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Ambien Addiction

Ambien is the trade name for a drug called zolpidem, which is a non-benzodiazepine sleep aid that is commonly prescribed to treat sleep disorders like insomnia. It’s commonly referred to as a Z-drug, both because drugs in this class often start or include the letter Z and as a reference to sleep. They are similar to benzodiazepines but have a different chemical structure. Zolpidem is also in a larger category of psychoactive substances called central nervous system (CNS) depressants, which also includes benzodiazepines, barbiturates, and alcohol.

What Is Ambien?

Ambien works in the brain and nervous system to produce hypnotic and sedative effects. This makes it useful as a short-term treatment for insomnia. It’s prescribed to help people get to sleep faster and stay asleep longer. However, it has a relatively short half-life and wears off after about three hours, which makes it less effective in helping people sleep through the night. 

Ambien is usually prescribed for two to six weeks at a low dose, so it’s not intended for long-term use. If it’s used in high amounts or for too long, the medication can cause chemical dependence and even addiction as your body gets used to it. Chemical dependence can cause potentially dangerous withdrawal symptoms that require medical attention. 

If you or someone you know has been prescribed Ambien, you should be aware of the signs and symptoms of Ambien addiction. Addiction can have long-lasting consequences, but spotting some of the early warning signs may help you to avoid some of the most serious symptoms of the disease.

What Are the Signs of Ambien Addiction?

If you are worried about yourself or a loved one, there are signs and symptoms of addiction that you might be able to feel or observe in others. The first signs of a substance use disorder is a growing tolerance to the drug you’ve been taking. Tolerance may feel like the normal dose you take is weakening, and you may feel inclined to increase your dose to compensate. However, the best thing to do when you feel a growing tolerance is to speak to your doctor about switching medications or cutting back. Increasing your dose may result in chemical dependence or addiction. 

Dependence occurs when your body starts to rely on the drug to maintain normal neurochemistry. It may even stop producing its own nervous system depressing chemicals and start producing excitatory chemicals to counteract the drug and balance your brain chemistry. If you stop using abruptly, you may experience serious withdrawal symptoms including anxiety, irritability, confusion, tremors, seizures, and delirium tremens (DTs).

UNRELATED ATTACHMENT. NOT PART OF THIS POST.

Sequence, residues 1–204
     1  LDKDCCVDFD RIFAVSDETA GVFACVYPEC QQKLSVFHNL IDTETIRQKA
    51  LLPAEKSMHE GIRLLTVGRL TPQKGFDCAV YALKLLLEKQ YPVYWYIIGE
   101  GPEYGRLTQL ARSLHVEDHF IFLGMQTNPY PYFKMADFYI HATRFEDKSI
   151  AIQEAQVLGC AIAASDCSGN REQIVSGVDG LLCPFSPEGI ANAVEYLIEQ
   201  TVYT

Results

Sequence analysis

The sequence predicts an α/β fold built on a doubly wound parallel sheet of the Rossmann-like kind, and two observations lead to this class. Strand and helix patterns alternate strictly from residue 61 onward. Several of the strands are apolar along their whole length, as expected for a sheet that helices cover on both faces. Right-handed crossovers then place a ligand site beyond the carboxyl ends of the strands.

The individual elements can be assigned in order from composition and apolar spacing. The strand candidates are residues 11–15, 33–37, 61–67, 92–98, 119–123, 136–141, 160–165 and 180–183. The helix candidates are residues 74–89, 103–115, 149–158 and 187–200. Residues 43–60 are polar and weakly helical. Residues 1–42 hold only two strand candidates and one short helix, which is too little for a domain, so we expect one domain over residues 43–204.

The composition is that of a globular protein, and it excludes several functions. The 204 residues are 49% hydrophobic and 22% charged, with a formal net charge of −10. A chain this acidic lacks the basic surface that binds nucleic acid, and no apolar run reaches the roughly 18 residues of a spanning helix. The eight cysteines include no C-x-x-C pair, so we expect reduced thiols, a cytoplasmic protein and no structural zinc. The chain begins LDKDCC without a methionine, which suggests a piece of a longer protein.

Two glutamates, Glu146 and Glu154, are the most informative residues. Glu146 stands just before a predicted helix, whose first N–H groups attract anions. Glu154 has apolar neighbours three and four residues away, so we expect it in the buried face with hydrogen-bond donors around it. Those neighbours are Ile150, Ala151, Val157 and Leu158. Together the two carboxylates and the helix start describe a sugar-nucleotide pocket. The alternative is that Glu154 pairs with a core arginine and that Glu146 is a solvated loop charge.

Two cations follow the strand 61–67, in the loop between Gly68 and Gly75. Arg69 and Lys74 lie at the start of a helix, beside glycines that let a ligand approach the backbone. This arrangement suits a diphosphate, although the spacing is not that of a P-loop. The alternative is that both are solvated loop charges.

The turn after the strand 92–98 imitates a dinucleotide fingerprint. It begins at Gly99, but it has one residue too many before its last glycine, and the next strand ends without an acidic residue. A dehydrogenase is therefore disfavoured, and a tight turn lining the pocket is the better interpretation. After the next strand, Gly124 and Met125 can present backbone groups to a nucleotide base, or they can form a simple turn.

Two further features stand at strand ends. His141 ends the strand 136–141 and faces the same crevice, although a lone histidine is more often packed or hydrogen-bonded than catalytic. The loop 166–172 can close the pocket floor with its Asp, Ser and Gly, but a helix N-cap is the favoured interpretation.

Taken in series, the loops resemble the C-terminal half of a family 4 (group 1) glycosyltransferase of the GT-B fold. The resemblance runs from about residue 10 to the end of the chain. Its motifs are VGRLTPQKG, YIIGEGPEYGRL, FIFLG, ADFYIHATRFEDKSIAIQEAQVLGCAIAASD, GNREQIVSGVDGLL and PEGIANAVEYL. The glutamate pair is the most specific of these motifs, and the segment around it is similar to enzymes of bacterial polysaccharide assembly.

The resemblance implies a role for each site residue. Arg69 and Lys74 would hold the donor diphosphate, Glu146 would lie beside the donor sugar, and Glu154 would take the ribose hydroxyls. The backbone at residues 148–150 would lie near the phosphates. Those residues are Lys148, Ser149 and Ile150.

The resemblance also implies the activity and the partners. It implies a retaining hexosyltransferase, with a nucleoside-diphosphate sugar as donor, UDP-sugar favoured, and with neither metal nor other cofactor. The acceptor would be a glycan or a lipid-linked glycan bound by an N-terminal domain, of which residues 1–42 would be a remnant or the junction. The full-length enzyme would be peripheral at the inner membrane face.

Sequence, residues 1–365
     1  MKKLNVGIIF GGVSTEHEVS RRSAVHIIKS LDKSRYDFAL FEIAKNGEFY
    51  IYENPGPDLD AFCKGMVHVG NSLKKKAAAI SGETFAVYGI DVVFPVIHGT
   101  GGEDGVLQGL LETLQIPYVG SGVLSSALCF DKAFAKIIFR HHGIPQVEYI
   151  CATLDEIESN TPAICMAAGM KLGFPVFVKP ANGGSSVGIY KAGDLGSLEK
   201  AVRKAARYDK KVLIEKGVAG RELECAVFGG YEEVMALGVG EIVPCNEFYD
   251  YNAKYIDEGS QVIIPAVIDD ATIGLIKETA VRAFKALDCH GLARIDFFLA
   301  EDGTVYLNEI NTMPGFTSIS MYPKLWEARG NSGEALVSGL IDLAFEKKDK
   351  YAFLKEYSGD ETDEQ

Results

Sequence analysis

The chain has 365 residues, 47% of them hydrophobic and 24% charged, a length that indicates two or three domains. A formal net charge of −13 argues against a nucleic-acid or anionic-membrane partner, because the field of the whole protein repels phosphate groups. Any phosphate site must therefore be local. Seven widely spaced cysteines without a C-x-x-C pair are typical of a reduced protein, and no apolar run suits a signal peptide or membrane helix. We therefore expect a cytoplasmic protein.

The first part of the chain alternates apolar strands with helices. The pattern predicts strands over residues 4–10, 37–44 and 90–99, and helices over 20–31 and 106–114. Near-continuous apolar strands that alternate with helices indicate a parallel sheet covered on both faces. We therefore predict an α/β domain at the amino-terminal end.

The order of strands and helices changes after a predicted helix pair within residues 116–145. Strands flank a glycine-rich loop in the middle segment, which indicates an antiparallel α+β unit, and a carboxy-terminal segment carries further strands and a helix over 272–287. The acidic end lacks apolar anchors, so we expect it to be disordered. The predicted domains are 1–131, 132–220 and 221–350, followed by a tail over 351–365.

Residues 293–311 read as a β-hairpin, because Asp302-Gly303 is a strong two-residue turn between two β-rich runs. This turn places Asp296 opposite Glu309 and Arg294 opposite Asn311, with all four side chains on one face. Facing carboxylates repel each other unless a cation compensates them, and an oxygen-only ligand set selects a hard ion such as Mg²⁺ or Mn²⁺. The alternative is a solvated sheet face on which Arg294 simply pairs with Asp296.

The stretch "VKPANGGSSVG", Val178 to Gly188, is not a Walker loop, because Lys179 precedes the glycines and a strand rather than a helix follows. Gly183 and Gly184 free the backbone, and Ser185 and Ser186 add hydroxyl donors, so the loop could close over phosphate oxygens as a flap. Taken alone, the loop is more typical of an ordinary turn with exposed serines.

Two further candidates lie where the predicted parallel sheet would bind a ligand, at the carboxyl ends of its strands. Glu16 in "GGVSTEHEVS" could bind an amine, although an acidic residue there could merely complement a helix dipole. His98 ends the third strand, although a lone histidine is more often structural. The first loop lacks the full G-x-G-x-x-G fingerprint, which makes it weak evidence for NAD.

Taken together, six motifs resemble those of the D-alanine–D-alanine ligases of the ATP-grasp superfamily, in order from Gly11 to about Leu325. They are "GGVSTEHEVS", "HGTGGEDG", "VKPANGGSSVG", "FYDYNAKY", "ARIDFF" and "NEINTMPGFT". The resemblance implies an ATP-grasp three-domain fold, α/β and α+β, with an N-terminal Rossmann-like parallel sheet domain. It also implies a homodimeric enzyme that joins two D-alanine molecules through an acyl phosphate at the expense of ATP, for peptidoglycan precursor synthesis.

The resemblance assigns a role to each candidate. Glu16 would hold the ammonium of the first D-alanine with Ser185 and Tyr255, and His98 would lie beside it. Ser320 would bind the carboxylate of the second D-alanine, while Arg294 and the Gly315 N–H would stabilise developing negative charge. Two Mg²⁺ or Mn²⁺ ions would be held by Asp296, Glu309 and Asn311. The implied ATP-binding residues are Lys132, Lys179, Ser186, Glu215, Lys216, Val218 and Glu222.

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If you are worried about a loved one, there are other behavioral signs of addiction that you might be able to observe in another person which includes:

  • Isolation
  • Hiding drugs around the house
  • Lying about drug use
  • Taking more than intended
  • Strange sleep patterns
  • Insomnia
  • Irritability
  • Poor performance at work or school
  • Legal issues like a DUI

Finally, addiction is characterized by the use of a drug despite the serious consequences. Addiction is compulsive behavior that may be out of your control. If you’ve experienced problems in your relationships, at work, with your health, the law, or your finances and you still use addictive substances, then you may have a severe substance use disorder.

How Does Ambien Addiction Treatment Work?

Addiction treatment is a process that is personalized to the individual when a client enters a program. When you first enter treatment, you’ll go through an intake and assessment process that identifies the physical, psychological, and social needs you might have, whether they are directly related to your substance use issue or not. Addiction can have a wide range of underlying factors that need to be addressed, so addiction treatment should be equipped to address biological, psychological, social, legal, and financial needs.

The overall goal of treatment is to get you to sobriety and facilitate a long-lasting recovery. This means stabilizing your physical condition, addressing underlying issues, and helping you form relapse prevention strategies.